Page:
National Portrait Gallery has a particularly good collection of small-scale displays dotted round the various rooms at the moment. One of them is a memorial of the fact that a hundred years ago one of the slightly insane followers of the reasonably sane Emmeline Pankhurst attacked one of the portraits in the Gallery about the same time as another member of the Women’s Social and Political Union (WSPU), Mary Richardson, attacked Velasquez's painting in the National Gallery, The Rokeby Venus.
The point is that the WSPU, though it is extraordinarily well known and has had a great deal of attention devoted to it by the journalists, writers and the entertainment industry, was only one of several organizations and not a particularly popular one among suffragists in general. (The word "suffragette" was first coined by the Daily Mail as an insult and has been used as a sort of rough distinction from "suffragists" who wanted to achieve votes for women through peaceful means and rational arguments.)
Looking at the undoubtedly fascinating collection of photographs, some known but mostly not, and documents issued by the police and the Home Office I was reminded that I still have not written sufficiently about Conservative suffragists, which I shall do very soon.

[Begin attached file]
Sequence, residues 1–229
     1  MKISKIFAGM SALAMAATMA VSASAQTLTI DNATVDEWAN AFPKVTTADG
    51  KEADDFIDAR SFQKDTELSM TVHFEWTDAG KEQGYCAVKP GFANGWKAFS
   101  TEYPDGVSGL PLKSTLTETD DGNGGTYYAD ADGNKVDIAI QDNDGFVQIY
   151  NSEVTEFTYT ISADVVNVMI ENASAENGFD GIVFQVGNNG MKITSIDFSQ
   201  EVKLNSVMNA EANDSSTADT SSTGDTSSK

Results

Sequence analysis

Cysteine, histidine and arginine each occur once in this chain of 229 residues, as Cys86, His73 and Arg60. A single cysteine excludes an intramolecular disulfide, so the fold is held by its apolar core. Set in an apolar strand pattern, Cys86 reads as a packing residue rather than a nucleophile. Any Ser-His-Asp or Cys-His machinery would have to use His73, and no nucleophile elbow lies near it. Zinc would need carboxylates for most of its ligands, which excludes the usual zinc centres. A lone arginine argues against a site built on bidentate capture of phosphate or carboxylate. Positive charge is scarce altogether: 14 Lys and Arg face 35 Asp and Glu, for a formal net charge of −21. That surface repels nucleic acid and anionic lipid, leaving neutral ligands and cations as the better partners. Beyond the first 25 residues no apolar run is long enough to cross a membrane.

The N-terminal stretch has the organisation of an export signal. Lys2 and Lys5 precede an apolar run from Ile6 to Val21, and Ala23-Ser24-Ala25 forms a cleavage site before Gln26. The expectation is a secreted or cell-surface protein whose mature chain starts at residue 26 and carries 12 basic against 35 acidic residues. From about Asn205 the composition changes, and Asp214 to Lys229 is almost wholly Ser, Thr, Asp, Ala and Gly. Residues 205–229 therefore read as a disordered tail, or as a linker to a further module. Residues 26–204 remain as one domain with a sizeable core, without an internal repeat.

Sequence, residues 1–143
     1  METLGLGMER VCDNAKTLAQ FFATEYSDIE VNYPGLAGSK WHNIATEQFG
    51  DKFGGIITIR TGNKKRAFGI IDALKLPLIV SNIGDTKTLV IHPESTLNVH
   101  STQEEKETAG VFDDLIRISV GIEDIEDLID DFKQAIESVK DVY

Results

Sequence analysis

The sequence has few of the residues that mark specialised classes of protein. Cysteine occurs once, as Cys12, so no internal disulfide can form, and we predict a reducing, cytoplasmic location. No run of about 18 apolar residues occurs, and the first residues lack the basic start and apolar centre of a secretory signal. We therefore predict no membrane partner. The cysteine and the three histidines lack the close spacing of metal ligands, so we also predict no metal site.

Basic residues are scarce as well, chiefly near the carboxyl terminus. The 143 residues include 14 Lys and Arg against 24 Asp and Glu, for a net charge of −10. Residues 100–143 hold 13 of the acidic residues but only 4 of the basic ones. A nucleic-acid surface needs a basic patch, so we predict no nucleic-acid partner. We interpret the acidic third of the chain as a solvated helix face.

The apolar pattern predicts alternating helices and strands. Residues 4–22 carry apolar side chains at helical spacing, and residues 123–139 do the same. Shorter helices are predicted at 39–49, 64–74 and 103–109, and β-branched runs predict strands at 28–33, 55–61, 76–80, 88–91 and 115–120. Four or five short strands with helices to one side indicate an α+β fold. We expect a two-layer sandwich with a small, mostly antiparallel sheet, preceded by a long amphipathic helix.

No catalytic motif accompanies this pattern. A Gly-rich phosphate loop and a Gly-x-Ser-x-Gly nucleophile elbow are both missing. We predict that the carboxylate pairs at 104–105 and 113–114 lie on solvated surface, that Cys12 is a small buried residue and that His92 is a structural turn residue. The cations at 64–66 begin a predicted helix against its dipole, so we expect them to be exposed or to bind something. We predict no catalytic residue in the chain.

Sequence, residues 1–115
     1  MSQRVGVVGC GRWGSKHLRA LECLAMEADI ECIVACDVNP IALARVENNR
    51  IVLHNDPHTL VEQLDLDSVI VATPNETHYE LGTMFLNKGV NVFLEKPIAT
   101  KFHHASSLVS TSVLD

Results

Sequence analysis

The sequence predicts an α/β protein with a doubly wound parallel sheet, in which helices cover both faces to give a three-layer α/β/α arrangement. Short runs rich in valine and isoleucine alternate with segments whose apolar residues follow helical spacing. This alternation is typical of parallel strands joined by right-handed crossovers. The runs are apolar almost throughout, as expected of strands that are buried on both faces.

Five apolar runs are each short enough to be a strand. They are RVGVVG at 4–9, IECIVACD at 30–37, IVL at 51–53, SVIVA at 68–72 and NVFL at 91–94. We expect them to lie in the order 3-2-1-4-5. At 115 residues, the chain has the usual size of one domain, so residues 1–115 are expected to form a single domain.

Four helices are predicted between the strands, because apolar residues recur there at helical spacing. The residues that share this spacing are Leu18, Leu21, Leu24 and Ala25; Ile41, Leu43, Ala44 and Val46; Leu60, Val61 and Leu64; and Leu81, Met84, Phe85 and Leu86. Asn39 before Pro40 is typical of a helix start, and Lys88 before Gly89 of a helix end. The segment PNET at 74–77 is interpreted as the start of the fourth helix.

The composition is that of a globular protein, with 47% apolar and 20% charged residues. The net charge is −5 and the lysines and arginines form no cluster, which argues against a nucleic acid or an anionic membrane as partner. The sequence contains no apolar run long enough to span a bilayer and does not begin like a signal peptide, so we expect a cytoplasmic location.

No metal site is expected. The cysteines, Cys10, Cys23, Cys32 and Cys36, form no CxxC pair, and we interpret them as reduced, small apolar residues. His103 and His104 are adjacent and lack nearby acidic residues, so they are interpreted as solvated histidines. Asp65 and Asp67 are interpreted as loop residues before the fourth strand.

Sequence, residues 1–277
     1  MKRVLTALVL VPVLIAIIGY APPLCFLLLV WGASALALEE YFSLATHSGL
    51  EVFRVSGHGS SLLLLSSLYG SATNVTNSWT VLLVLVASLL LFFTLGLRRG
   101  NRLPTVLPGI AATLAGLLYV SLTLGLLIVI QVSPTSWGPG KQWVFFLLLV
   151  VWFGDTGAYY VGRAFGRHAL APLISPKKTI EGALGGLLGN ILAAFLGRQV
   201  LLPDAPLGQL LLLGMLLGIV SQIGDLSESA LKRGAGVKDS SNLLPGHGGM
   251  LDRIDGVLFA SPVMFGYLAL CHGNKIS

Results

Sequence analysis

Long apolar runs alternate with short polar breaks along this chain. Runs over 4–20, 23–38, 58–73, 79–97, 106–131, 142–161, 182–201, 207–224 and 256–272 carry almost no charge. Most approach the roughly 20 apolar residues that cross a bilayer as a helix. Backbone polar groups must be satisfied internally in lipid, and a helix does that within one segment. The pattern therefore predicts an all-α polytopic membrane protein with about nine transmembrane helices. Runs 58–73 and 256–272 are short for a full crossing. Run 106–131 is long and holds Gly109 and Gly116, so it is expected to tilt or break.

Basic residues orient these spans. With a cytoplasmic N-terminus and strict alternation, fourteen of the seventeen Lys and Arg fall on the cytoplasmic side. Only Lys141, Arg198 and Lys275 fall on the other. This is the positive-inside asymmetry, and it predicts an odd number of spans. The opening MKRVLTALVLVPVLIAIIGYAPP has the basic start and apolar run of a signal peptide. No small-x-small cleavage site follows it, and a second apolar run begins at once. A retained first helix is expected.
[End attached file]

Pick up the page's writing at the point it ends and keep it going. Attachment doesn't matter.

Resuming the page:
However, it was undoubtedly annoying to see some of the old myths being peddled if only indirectly. The introductory comments explained that the fight for women's suffrage had been going on for almost a century before the WSPU was formed but with no success. Therefore, some of the suffragists, led by Emmeline Pankhurst and her daughters, especially the lawyer Christabel, decided on ever more violent action. This made the cause well known though divided opinion, added the note. The implication, unstated because it would not be true, that the militant activity of the Pankhursts was successful in the way previous peaceful campaigning had not been.
Nothing could be further from the truth. Women did not get the vote until 1918 and that was the result of their supreme war effort that really destroyed the argument that women cannot be trusted to think about bigger issues than their homes.
It does seem to me that the myth of the victorious violent and often left-wing (certainly as far as Sylvia and Adela Pankhurst were concerned) should be laid to rest. Would the National Portrait Gallery consider an exhibition of portraits of Suffragists, many of whom were Conservative?
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